I get there and there's another impact some ways away. We count people and name names for accountability's sake. There's the usual (nervous) laughter as we begin joking about how badly these guys suck at firing mortars but down inside we're silently thanking God these guys suck and praying their ineptitude (and our luck) continues. "How many is that Sergeant T?" "##," I reply. "Shit, seriously? Since when?" "April 30th." 10-15 minutes later loud, high-pitched beeps come from the Big Voice in the Sky® speakers and the God Voice® intones "All Clear. Continue Mission or Initiate Recovery. All Clear." We make our way back to our rooms where I pull out a Sharpie, move a box aside and add another line to the count. I tally the lines (though I already know how many there are), mutter an oath and then mark another day off the calendar. ## days and a wake up before I leave this hell-hole. And it can't come soon enough.

 

Helicopters flying overhead are a ubiquitous sight. Blackhawks, Chinooks (Shithooks) and a couple that look like Harold the Helicopter from Thomas the Tank Engine are always coming and going, day and night. Every now and then Apaches or Kiowas can be seen doing lazy circles over the mountains and I'm reminded that not only do we own the night, but we own the skies as well and that thought is often reinforced by the sound of an F-16 roaring across the cloudless sky.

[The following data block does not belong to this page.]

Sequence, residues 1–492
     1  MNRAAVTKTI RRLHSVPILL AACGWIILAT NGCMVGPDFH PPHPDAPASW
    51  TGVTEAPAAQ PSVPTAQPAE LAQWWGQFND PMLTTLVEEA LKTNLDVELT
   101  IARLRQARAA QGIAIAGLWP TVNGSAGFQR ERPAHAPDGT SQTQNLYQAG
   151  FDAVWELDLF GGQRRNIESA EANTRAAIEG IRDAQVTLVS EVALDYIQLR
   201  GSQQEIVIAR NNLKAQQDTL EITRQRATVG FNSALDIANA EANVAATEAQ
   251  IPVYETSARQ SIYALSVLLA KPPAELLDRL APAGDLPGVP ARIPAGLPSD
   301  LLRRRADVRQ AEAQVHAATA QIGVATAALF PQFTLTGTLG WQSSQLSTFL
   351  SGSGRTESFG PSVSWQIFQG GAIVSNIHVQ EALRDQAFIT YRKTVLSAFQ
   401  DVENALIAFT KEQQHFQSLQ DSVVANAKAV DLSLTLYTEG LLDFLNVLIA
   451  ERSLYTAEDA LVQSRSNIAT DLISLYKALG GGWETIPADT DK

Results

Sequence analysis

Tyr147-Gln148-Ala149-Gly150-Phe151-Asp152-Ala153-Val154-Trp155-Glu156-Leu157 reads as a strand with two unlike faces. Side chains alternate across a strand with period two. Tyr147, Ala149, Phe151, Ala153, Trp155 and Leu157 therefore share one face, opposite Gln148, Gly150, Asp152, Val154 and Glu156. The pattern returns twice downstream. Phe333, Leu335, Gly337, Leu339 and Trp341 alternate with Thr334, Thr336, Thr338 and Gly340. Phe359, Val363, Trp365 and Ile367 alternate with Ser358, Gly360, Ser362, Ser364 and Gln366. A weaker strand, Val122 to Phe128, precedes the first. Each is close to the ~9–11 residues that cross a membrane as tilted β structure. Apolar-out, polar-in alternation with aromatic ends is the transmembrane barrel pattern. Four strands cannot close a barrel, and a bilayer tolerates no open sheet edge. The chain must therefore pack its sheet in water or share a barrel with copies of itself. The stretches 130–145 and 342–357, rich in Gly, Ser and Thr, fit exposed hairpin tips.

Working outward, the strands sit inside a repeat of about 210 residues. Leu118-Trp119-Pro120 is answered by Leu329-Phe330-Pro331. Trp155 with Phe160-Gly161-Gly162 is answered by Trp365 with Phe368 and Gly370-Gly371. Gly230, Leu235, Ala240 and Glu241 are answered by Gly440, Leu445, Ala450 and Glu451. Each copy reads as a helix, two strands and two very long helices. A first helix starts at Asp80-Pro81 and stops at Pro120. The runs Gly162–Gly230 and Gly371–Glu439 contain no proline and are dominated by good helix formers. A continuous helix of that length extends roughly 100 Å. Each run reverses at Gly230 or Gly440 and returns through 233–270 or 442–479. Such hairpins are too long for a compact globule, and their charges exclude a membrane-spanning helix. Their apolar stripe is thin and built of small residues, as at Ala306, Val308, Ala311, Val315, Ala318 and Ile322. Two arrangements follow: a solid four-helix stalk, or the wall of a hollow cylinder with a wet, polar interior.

Since they are so common and their whap-whap-whap just part of the every day sounds, you'd think you'd barely notice them. And you'd be right. Sorta. I've learned to tune out most, but there are times when the sound of a bird does make us perk up. But not in good ways. We live and work a stone's throw from -- Med so we see and hear every Medevac that arrives and departs. I don't count these. I can't count these because I'm too busy stifling the primal screams that well up inside me every time I see one. They make me angry and sad and (forgive me) grateful. And then I begin to pray that whoever is on that flight, being carried on that litter, being tended to by the best trained medics and doctors, will be ok.